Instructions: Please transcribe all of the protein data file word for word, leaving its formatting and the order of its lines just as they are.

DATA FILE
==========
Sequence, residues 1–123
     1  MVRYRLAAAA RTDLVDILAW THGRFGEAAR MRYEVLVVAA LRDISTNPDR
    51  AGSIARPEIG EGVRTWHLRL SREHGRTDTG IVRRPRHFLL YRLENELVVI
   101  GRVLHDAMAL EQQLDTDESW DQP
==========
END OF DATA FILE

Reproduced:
Sequence, residues 1–123
     1  MVRYRLAAAA RTDLVDILAW THGRFGEAAR MRYEVLVVAA LRDISTNPDR
    51  AGSIARPEIG EGVRTWHLRL SREHGRTDTG IVRRPRHFLL YRLENELVVI
   101  GRVLHDAMAL EQQLDTDESW DQP